Back in December 2017, Prince William’s Office of Instructional Technology sent a number of Instructional Technology Coaches to the VSTE conference in Roanoke. I’d never been to a VSTE conference but had always heard good things from colleagues who had. So, before I knew it I was VSTE-bound, ready to be indoctrinated into a world of demo slams, karaoke, and candied bacon.
VSTE 2017 was a great conference and an even better experience with great sessions, vendors, and like-minded people. Of all the learning and networking that happened, one session really stuck – “Developing Podcasts for Professional Development”. A colleague and friend, Elizabeth (Biz) Engelbret, and I attended the session and we were both struck by how “doable” it all seemed. The Fairfax group presenting did a great job of explaining in detail what worked for them, and the two of us were immediately hatching plans for our own version.
We wanted to put together a new form of professional development in Prince William County that could offer flexibility and choice. There are so many of us out there doing great things and coming up with better solutions to common hurdles, but how to share it with the masses? Professional Developments are great to hear some of this knowledge first hand, but busy schedules and life tend to make a mockery of our best intentions. If only there was a way to continue the conversation about improving educational practices and make it an on-demand experience (with a technology-in-the-classroom twist). And so, the “PWCS EdTech Podcast” was born.
The first order of business was to get the right equipment. The VSTE podcasting session explained what we’d probably want, but they didn’t offer to pay for it (the scoundrels…). We decided to try the next best thing and wrote a grant. Podcasting itself can be done on the cheap - grab a computer and a mic and you’re ready to go – but this wasn’t going to be a personal podcast recorded in an office. To make our idea work we were going to need to be mobile and have multiple mics available. Lucky for us, Prince William has a wonderful resource in the form of an educational foundation called SPARK. We wrote our SPARK grant proposal focusing on the idea of a new form of professional development and won the money to cover both the hardware and software to start our program. With the grant we bought a Zoom H6 multi-port recorder, four AudioTechnica XLR mics, headphones, stands, spider-mounts, a portable speaker, and a year’s subscription to Adobe Audition. With a little practice (and learning about something called ‘Phantom Power’) we felt confident enough to use it. Now, what do we say?
We always knew the focus of the podcast was going to be technology in the classroom, but that’s a fairly broad topic. Before we got ourselves too wrapped up in over thinking it, we decided to talk about what was happening at our schools. It just so happened that it was close enough to Digital Learning Day that we used that as an angle and stumbled through our first episode. Some things we learned from that first episode:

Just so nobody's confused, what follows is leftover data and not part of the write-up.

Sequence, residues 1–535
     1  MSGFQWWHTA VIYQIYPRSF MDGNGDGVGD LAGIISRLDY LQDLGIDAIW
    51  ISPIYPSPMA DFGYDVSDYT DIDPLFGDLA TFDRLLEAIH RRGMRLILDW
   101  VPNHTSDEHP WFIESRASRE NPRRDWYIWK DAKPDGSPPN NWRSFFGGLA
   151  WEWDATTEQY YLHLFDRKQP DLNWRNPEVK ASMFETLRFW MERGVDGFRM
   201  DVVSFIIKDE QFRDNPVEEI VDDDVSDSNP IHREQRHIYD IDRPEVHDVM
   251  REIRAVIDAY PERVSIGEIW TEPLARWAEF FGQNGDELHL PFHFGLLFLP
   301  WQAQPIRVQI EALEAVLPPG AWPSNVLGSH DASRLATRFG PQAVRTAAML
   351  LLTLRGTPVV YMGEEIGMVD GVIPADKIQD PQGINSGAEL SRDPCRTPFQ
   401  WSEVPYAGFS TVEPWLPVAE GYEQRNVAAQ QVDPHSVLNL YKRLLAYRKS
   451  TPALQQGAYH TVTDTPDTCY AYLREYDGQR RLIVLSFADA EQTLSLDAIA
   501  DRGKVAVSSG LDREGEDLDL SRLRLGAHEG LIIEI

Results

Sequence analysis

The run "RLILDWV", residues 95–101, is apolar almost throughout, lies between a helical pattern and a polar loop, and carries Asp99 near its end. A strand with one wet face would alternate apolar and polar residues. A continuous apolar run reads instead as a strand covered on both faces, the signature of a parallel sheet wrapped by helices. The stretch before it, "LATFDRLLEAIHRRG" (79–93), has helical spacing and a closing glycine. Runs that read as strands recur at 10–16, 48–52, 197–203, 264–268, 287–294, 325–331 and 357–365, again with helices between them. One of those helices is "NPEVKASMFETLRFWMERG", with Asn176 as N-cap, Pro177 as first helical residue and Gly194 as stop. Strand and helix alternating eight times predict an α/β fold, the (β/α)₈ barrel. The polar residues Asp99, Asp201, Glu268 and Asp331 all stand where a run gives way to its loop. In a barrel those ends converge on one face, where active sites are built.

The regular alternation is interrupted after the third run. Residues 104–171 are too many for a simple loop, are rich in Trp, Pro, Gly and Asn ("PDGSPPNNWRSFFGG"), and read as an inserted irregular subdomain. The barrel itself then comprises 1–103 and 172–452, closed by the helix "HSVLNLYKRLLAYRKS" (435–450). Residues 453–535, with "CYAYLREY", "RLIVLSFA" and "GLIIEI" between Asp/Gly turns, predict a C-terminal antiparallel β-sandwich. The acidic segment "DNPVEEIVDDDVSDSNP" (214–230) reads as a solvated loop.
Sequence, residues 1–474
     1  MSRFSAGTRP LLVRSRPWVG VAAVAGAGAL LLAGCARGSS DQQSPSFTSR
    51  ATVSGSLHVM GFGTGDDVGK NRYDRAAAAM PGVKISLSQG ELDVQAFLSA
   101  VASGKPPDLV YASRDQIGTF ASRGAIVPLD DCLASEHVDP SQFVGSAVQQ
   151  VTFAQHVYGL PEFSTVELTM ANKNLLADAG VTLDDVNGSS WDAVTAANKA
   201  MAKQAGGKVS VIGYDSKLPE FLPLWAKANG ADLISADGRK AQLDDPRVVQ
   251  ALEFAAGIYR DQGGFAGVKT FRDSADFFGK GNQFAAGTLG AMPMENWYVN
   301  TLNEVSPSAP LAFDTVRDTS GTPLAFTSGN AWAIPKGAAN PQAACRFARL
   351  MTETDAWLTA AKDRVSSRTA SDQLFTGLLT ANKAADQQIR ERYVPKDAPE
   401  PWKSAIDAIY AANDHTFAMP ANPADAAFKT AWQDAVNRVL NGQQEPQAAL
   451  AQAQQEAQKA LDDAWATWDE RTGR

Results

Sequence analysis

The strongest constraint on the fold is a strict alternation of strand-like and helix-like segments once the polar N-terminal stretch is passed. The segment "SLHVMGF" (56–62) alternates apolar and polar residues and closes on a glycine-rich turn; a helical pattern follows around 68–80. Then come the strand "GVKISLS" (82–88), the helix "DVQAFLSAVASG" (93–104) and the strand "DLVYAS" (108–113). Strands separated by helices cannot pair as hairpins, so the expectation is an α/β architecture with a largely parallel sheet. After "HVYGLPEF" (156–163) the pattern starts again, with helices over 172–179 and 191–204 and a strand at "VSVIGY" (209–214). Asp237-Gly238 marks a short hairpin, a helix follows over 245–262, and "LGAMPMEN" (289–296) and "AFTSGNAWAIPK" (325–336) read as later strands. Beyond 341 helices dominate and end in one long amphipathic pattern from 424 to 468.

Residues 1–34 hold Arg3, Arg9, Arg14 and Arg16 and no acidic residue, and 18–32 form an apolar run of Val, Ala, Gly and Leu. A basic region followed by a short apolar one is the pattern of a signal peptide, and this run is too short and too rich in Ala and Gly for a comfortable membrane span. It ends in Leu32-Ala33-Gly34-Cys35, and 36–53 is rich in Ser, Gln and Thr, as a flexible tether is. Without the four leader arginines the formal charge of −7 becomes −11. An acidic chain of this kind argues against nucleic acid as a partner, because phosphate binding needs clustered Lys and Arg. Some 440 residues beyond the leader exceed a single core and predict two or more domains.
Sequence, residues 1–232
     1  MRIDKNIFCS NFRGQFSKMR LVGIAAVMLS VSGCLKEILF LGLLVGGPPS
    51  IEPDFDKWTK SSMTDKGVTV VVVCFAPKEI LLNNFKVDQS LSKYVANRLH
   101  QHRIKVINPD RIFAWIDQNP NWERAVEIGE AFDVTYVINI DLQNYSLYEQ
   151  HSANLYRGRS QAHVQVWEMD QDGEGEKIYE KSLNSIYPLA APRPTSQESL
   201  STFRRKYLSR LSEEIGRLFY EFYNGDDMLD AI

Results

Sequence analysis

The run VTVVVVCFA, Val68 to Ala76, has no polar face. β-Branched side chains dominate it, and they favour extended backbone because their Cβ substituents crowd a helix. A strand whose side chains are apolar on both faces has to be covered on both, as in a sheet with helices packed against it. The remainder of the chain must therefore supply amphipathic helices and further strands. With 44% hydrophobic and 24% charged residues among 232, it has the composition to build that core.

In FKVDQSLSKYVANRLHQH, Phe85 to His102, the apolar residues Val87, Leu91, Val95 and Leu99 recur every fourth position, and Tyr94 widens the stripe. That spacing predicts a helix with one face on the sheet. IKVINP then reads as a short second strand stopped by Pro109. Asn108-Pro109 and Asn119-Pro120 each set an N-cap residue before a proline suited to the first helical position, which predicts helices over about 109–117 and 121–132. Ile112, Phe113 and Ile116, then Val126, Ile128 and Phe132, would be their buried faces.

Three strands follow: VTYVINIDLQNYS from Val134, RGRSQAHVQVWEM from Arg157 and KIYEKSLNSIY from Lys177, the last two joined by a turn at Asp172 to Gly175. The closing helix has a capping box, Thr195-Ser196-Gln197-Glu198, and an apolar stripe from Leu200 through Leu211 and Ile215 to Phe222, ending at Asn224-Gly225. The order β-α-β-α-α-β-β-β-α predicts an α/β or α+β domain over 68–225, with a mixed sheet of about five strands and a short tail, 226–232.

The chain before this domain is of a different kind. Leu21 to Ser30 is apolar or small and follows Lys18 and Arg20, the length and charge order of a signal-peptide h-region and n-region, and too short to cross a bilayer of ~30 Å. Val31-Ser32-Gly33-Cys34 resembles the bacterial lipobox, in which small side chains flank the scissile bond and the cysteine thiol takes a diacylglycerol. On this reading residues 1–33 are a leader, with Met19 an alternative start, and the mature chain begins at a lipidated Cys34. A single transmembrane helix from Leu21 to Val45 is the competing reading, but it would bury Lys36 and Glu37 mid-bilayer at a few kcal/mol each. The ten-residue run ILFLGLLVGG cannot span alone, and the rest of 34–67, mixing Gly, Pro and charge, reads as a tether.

- Have water nearby.
- Find a comfy distance from the mic, adjust your gain and stay there (don’t keep moving back and forth).
- Just record. There’s nothing worse than trying to recreate a spontaneous gem of a moment.
- A digital editor (Adobe Audition, Audacity, or others) can help clean up all sorts of mistakes, both in terms of quality of sound and sequencing.
I’m writing this after we just finished recording what will be our 17th episode with Alanna Dushok and Tim Signorelli at Bryant High School in Fairfax, VA. Alanna and Tim are an amazing tag-team of an Instructional Coach and a School Based Technology Specialist who focus on building the capacity of the teachers they work with. It’s these episodes, where Biz and I bring others into the conversation, that I enjoy the most. Give someone a mic and a bit of time and you’ll start to find out what really makes them tick. In the past we’ve had conversations with PWCS’s Supervisor of Instructional Technology, Diane Harazin (episode 3), PWCS’s newest high school’s Instructional Technology Coach, Billy Watts (episode 6), and the “not a debate” between G Suite and Office365 with Cheryl Hinzman and Katie Fielding (episode 10). Each of these are examples of bringing in smart, capable people and delving into their passions.
I’ve really enjoyed the podcasting experience. These conversations give me the perfect opportunity to reflect, and possibly grow, at least twice a month. I hope that our listeners feel its time well spent.
The PWCS EdTech podcast releases new episodes on the 1st and 15th, during the school year, and can found on Podbean or wherever you enjoy podcasts.
Written by Brian Simpson, an Instructional Technology Coach at Beville Middle School in Prince William Public Schools. He is co-host, with Elizabeth Engelbret, of the PWCS EdTech podcast, a bi-monthly program available in Apple Podcasts and other podcast aggregators.